There are four kinds of people you should have at the top of your contact list: an attorney, a realtor, an accountant, and a recruiter.

The order can certainly shift and you (fingers crossed) won’t always need them. And let’s hope you never need all four at the same time. That would be bad.

These folks should move in and out of your life as things come up. (Sadly, we see our accountants most often for that whole “taxes” thing.) But when we do need our attorney, our realtor, our accountant, or our recruiter, we have the expectation they are ready and able to take care of us. We would never select an attorney, an accountant, or a realtor without understanding her background, her experience, her successes, or talking with her references. In the same vein, working with an executive recruiter is a very personal decision. Your recruiter eventually will know everything about you: your family situation, your financial situation, your employment situation, the skeletons in your closet (yeah, you’ve got ’em), and your future hopes and dreams.

You wouldn’t just trust that kind of information to anyone, would you?

Why, then, do we scrutinize recruiters any less?

Trust me when I tell you this – the industry is full of inexperienced recruiters in poorly run organizations. Yet most of the people I know suffer through incompetence just to get a peek at the opportunity the recruiter represents. Why do we settle? Is it because we are flattered that someone called us? Are we that unhappy that we’ll work with anyone who might change our situation? Remember, that recruiter is your agent in the field. If she doesn’t impress you, how do you expect her to impress anyone else? How will she represent you to prospective clients?

Here are some simple tips to follow when selecting an executive recruiter:

1. Expertise and Depth: While some recruiters are generalists (meaning they work across multiple functional areas), some are focused on very specific career categories (i.e., accounting, science, marketing, information technology, etc.). There is great value in working with a recruiter who has a deep and intimate understanding of a particular industry. They are “in the know.” You don’t want to work with someone who’s experience and expertise is a mile wide and an inch deep. Subsequently, his connections (and the depth of those relationships) will be the same and he’ll be less likely to come through for you when you need him. Generalist recruiters can be marginally effective earlier in our careers, but are much less so as we ascend into more senior leadership roles.

2. Experience: How long has your recruiter been a recruiter? Five minutes? One year? 10 years or more? The best recruiters I know have been around the block a time or two and have gained the expertise and depth mentioned above through years of networking, relationship building, and flat out success stories. Experience working with executives in a particular industry is also critical. If the recruiter you are thinking of working with doesn’t have this, run – don’t walk – to the nearest exit. Do not pass go. Do not collect $200. If your recruiter doesn’t have the experience, you are relying more on luck than competency.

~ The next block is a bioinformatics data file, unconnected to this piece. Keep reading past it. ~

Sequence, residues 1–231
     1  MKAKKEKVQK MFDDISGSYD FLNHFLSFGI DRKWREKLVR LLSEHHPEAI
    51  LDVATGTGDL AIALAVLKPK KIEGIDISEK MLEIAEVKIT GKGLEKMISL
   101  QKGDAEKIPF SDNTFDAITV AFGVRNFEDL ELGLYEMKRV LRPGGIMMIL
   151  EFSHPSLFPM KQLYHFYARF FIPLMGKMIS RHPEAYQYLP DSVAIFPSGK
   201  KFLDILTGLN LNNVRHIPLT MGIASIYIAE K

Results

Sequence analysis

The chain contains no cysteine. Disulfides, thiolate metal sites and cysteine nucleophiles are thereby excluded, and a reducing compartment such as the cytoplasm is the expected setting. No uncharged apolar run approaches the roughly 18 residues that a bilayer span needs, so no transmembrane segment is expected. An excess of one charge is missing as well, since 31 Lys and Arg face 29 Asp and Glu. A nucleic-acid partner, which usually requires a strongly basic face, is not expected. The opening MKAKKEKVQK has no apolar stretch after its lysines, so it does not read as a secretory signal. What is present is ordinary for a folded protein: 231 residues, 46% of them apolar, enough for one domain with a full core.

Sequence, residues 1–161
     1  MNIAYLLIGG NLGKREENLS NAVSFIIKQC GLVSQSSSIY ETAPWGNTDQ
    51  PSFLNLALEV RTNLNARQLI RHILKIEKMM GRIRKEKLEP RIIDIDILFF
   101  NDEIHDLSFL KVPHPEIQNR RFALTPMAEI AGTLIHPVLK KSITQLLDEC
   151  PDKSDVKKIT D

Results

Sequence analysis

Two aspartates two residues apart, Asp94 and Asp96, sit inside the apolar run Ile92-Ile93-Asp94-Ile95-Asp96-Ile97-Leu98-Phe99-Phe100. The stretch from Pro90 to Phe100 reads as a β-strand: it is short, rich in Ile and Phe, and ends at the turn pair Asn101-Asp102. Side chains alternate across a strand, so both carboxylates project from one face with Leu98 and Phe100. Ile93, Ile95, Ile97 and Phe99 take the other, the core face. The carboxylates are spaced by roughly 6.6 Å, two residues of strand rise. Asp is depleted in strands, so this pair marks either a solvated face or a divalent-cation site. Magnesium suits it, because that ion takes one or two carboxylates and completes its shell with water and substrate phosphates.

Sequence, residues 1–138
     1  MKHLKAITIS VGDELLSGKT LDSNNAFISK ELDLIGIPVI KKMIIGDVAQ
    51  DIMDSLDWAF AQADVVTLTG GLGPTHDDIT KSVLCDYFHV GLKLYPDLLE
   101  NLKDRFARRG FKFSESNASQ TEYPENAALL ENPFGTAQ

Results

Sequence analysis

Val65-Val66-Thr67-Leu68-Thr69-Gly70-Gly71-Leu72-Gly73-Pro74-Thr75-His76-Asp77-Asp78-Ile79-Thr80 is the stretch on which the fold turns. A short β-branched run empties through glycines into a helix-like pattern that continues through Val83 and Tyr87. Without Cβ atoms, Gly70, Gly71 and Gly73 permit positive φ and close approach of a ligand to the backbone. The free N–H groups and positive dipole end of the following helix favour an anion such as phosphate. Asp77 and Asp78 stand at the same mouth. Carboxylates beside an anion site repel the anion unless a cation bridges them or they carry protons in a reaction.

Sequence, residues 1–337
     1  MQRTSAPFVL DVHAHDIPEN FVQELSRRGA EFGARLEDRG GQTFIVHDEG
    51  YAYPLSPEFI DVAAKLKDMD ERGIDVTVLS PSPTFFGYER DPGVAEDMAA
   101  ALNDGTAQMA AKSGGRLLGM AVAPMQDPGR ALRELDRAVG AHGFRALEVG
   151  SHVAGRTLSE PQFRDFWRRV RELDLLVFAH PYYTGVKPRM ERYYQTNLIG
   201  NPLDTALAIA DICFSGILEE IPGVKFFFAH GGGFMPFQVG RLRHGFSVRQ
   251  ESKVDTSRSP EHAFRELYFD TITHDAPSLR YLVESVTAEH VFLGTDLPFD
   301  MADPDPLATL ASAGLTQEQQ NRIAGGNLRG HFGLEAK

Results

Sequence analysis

3. Integrity: This is beyond honestly – simple honesty is a given. Integrity means if your recruiter says she’s going to call you at 3:00pm and she doesn’t without letting you know (preferably in advance), drop her. This lack of follow-through is not an isolated incident. It is a pattern in her behavior that extends across all of her relationships. Recruiters must have impeccable integrity and do what they say they are going to do when they say they are going to do it. If she doesn’t, kick her to the curb.

4. Outstanding Brand Identity: Do a little research on the recruiter. LinkedIn and Facebook are great resources. Does he have a well-developed, typo-free profile? Does she manage her online brand well? Are there lots of connections? Maybe a recommendation or two? In this day and age of online brand management, there is just no excuse for your recruiter to have a poorly developed brand. The tools are just too easy to use. Instead, this lack of brand management may point to something deeper ~ there isn’t a brand to manage.

Don’t wait until you need a recruiter to develop a relationship with one. He won’t represent you on every career move, but he should be a person you trust for advice and counsel regardless of where the opportunity originates. Follow the simple tips above and, more often than not, you’ll partner with someone who can add a ton of value and help you navigate each step in your career.

Let me know what you think.